Postal history Chinese Empire


Local issues

Postal history China - Empire

1893 – Shanghai Local Post

The first stamps to be issued in China were issued in 1865 by the municipality of Shanghai that had set up a local postal service in 1854. A service that branched out to 16 cities. In the 1890’s, several other cities – treaty ports – equally set up local postal services. These cities were: Amoy, Chefoo, Chinkiang, Chungking, Foochow, Hankow, Ichang, Kiukiang, Nanking and Wuhu. The services in Amoy, Foochow, Hankow and Nanking succeeded branch offices of the Shanghai local post. On Formosa, the local governor set up a postal service in 1887 for which stamps were also issued.[4]All catalogs list the Shanghai issues, the other local issues are listed by Michel, the Formosa issues also in Yvert.

Imperial Post

In addition to the local initiatives, the Imperial Maritime Customs Office in Shanghai set up a postal service in 1865 initially for consular mail, a service that branched out to 12 cities. In 1878, this service was opened to the general public and from that time stamps were issued. In 1896, by Imperial Decree, the Customs Post was transformed to the national Imperial Post, the decree being effective as of 1897. The first stamps were issued by the Imperial Post on January 2nd, 1897. These were overprints on the issues of the Customs Post, the overprint reading ‘Imperial Post’ and the new face value – with the introduction of the Imperial Post the currency used changed from Tael/Candarin to Dollar/Cent. The first definitive issues from the Imperial Post appeared in August 1897. Upon the introduction of the Imperial Post, all local postal services were superseded by the Imperial Post. The issues of the Imperial post are succeeded by those of the Republic of China and those of the Peoples Republic of China.

Foreign post offices

Aside from the local, and later imperial postal services in China, several foreign countries had offices abroad in China.  These resulted from the agreements on extraterritorial rights signed in the course of the 19th century. The post offices first served the interests of the respective foreign powers. They, however, also processed all international mail from China until China joined the UPU in 1914. For this purpose the stamps used by the foreign offices were also available at offices of the Imperial Chinese post. The currency used would be that of the foreign nation or the local Chinese currency. The stamps used at these foreign offices were those of the respective countries, with or without an overprint for the use in the offices in China. The Russian offices in China closed in 1920. The other foreign offices closed in 1922, with the exception of the post offices in the leased territories which closed at the time these were returned to China.

Postal history China - Empire

Please click on the image to enlarge, please click here for the PDF version of the image

A closer look at the foreign post offices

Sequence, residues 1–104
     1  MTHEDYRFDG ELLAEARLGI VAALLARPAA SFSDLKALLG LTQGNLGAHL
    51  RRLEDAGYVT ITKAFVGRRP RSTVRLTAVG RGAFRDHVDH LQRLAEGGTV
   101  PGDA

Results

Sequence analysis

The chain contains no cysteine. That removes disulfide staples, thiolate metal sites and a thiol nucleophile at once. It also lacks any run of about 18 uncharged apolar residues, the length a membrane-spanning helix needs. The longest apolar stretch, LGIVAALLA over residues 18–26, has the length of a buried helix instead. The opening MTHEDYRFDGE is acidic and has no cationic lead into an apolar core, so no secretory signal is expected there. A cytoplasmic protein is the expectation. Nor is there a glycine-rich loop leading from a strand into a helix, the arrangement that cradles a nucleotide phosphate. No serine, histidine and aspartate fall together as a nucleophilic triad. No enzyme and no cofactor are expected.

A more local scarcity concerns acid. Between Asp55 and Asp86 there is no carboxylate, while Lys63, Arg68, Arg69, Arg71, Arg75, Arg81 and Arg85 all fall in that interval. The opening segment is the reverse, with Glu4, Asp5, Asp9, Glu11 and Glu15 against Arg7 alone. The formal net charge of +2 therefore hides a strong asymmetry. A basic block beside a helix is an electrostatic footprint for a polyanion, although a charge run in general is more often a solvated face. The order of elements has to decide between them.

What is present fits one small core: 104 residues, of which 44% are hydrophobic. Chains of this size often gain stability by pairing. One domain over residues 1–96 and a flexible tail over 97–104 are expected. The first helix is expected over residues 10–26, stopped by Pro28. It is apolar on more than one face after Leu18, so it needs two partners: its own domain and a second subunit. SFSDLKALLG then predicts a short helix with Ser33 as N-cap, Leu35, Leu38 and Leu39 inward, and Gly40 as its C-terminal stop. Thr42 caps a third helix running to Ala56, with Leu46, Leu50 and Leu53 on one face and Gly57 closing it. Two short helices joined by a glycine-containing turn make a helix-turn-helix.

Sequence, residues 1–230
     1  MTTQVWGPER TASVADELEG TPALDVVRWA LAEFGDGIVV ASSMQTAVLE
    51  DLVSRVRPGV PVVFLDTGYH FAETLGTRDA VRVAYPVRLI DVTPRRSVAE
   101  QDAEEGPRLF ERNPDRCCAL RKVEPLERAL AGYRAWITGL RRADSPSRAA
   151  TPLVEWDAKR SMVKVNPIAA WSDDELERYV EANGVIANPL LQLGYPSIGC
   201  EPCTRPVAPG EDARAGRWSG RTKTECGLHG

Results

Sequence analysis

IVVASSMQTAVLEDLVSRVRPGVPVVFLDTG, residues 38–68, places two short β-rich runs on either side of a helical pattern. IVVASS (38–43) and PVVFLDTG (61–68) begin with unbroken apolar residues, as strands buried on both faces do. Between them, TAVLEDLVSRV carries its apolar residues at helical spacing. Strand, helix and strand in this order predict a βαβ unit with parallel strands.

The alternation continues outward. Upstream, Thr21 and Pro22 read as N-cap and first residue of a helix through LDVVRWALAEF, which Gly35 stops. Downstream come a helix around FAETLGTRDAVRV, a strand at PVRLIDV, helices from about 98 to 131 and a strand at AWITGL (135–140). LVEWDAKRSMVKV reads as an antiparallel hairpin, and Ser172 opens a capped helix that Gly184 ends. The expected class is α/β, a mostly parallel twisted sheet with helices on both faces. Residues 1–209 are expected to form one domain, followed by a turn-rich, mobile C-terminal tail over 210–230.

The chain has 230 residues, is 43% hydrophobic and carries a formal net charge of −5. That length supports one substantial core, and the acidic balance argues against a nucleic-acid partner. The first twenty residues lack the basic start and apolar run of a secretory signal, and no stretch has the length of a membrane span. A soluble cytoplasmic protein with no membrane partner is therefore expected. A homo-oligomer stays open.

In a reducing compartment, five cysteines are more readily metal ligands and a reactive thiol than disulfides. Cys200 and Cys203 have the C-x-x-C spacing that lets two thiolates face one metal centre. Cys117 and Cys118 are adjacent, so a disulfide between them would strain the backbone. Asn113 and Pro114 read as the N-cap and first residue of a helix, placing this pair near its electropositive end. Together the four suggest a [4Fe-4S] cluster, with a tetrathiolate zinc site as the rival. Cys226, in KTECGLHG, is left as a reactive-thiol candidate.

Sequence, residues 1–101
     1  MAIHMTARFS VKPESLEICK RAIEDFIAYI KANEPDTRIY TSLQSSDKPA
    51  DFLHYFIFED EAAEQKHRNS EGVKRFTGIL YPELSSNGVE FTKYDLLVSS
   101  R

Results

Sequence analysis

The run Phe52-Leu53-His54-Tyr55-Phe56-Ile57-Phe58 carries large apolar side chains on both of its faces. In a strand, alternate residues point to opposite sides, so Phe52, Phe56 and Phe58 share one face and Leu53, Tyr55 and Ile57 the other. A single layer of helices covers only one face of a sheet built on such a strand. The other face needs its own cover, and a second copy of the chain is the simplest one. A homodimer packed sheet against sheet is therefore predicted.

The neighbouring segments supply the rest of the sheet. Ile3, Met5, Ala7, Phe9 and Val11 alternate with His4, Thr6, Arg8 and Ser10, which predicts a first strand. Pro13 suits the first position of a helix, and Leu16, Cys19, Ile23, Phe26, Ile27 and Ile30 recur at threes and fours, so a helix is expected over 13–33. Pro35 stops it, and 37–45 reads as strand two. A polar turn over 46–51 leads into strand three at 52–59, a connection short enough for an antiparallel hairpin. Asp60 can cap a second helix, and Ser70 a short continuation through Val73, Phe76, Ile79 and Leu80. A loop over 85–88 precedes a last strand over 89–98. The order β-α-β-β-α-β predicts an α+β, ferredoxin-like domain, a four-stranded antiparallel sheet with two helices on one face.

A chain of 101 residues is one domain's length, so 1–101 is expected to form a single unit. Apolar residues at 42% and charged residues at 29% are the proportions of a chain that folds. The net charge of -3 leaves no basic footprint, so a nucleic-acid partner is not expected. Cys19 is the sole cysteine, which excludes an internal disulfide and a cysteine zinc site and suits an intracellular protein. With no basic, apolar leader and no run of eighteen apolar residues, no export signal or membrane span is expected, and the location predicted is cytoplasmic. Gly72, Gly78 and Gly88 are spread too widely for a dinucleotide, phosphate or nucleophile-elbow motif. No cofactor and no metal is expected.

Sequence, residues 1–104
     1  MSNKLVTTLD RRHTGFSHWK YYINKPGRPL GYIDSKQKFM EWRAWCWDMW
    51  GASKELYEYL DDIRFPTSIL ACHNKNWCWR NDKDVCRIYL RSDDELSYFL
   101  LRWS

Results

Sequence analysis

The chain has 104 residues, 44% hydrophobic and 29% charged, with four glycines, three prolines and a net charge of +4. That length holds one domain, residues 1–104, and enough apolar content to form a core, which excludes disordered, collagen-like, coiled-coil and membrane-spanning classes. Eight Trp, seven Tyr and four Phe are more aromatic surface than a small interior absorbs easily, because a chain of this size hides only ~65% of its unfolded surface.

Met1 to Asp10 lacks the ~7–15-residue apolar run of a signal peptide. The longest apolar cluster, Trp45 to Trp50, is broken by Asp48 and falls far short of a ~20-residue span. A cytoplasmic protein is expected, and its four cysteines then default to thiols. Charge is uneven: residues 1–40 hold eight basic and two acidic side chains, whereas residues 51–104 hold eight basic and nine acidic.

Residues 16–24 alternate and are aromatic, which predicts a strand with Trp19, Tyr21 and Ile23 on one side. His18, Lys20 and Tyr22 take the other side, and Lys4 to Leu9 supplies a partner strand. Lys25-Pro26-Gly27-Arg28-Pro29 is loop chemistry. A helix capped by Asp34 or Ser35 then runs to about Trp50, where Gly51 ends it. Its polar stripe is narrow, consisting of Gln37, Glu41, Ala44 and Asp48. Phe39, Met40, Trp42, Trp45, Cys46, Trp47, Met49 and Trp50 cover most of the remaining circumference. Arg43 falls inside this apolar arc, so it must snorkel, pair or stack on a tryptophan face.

A closer look at the offices abroad of the respective countries provides the following:

  • France: The first French post office opened in 1867 in Shanghai. The French offices first used stamps of France and, from 1894, definitives issued for use in China inscribed with ‘Chine’. The French offices closed in 1922.
  • French Indochina: In 1901, the French offices in southern China were subordinated to the postal authorities of French Indochina. The Indochinese offices closed in 1922, with the exception of those in the French leased territory of Kwangchow that closed when Kwangchow was returned to China in 1945. The Indochinese offices in China used stamps as follows:
    • General issues being overprints on stamps of French Indochina reading ‘Chine’ and the new face value in Chinese characters.
    Postal history China - Empire

    1902 – Indochinese offices

    • Issues for individual offices being stamps of French Indochina with the following overprints:
      • Canton: Canton
      • Chungking: Tchongking or Tch’ong K’ing
      • Hoihao: Hoi Hao or Hoi-Hoa
      • Kwangchow: Kouangtschéou or Kouang-Tschéou and as of 1939 definitives inscribed Kouang-Tschéou
      • Mengtz: Mongtze or Mong-Tseu
      • Pakhoi: Packhoi, Pak Hoi or Pak-Hoi
      • Yunnafu: Yunnansen, Yunnan-Fou or Yunnanfou
  • Germany:
    • General issues: The first German post office opened in 1886. Stamps of Germany were used and, from 1898, German stamps overprinted ‘China’. The German offices were closed in 1917 upon China’s entry into WWI. Stamps were issued until 1919, even after the German offices were closed.
    • Foochow:  The office in Foochow issued local hand stamped overprints with a new face value in 1900.
    • Tientsin: The Tientsin office issued local hand stamped overprints in 1900, the overprint reading ‘China’.
    • Kiaochow: Kiaochow – or Kiautschou in the German transliteration – was a German leased territory from 1897. Kiaochow first used stamps of Germany, then the general issues for the German offices in China. The office in Kiaochow issued local overprints with a new face value in 1900. As of 1901, definitives were issued inscribed ‘Kiautschou’. Kiaochow was occupied by the Japanese in 1914 upon which the German offices closed. Kiaochow was returned to China in 1922.